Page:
Friday, the US Bureau of Labor Statistics (BLS) unveiled its widely watched Employment Situation Report for July. After May’s private-sector employment shocked pundits by rising 3.2 million—and June’s topped it with 4.7 million hires—private hiring slowed to 1.5 million (1.8 million if you include government).[i] The common reaction to this seems cautious—skeptical. Many pin the slower hiring on the virus’s resurgence this summer and, even though data suggest this renewed outbreak has slowed lately, they project hiring to continue weakening later this year. In our view, this calls for a two-pronged note. One, the job market is unlikely to see a completely straight line to recovery. Two, stocks are very unlikely to fixate on these monthly reports, for good or ill, for long.
First, let’s dig into what July’s report showed. Nonfarm payrolls rose 1.8 million in the month, although this is likely inflated somewhat by a statistical phenomenon tied to seasonal adjustment. July is normally a month in which government employment declines tied to school being out all month in most of the nation. Yet this year, most schools were shuttered way, way earlier. The impact of this, according to the BLS, is that of the 301,000 jobs the data show government adding in the month, up to 245,000 of them are education-related quirks.[ii]
On the private-sector side, gains were quite broad-based. Leisure and hospitality again led, adding 592,000 jobs. 502,000 of those were in the restaurant industry—bringing the total in the last three months to 2.9 million hires.[iii] Employment remains down significantly in this industry, but this rebound has been good enough to cut the losses in half—and that seems noteworthy to us. Retailers were the next biggest source of hiring, adding 258,000 people to payrolls.[iv] Neither of these factors should shock, considering businesses continued to gradually reopen in some parts of the country while those suffering big virus outbreaks mostly just put existing plans on pause versus rolling them back.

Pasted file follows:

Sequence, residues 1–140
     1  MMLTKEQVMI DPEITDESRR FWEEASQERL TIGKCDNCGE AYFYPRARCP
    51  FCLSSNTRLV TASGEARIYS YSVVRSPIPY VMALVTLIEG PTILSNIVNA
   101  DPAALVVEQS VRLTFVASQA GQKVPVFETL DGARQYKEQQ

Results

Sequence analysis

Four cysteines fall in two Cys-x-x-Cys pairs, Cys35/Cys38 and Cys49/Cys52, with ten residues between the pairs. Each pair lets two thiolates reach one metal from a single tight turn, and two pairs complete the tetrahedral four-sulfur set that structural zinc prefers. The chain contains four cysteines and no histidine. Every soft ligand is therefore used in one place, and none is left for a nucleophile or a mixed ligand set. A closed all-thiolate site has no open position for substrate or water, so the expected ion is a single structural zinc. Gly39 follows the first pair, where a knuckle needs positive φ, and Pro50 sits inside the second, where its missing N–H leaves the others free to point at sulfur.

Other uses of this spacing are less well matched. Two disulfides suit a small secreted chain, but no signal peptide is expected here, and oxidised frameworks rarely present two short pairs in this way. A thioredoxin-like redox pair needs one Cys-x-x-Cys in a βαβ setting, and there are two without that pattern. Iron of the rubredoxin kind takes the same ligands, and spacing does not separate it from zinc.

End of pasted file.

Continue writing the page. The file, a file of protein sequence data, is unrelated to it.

The unemployment rate fell 0.9 percentage point to 10.2%—a figure just north of the financial crisis’s 10.0% peak.[v] Of course, this rate leaves out laid-off workers who haven’t sought a job in the last four weeks and those working part-time due to economic conditions. But the U6 rate, which includes them, also fell—to a still-high 16.5%.[vi] This rate is down 6.3 percentage points from its April 2020 peak and now sits below the financial crisis’s 17.2% peak rate.
So the lesson here, to us, is that the job market is healing. Yes, the pace of hiring slowed, but that should be expected—renewed outbreak or no. The gradual, structured, uneven reopenings meant we would likely see a quick burst out of the gate as some firms were permitted to return to work. But capacity limitations and other measures mean that return isn’t to “normal.” That likely always meant hiring would slow—and that overall trend should persist, in our view. We would wish for nothing more than the virus to vanish, business restrictions to lift and everyone to return to work next month. But we don’t think that is terribly realistic.
With US stocks hovering around 1% below record highs, some may see the preceding paragraph as a sure sign markets are disconnected from the economy.[vii] We disagree. While the general public and pundits follow economic data—especially jobs data—very closely, markets are forward-looking. They anticipated the economic fallout from lockdowns in this winter’s rapid bear market. After this, we think they began looking ahead—far ahead. Likely far beyond anything economic data are revealing now. This is doubly true of jobs data, which typically lag economic growth by a long way. A basic thought formula for this is that political decisions to permit reopening beget growth and growth begets jobs. Stocks aren’t going to wait for these things to become reality—they anticipate.
So yes, there is still a long way to go to a job market recovery and progress to that end will be uneven, lumpy and likely slow down ahead. From a social standpoint, we would hope it could be as quick as possible. But for markets, it just isn’t very relevant, in our view.
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*The content contained in this article represents only the opinions and viewpoints of the Fisher Investments editorial staff.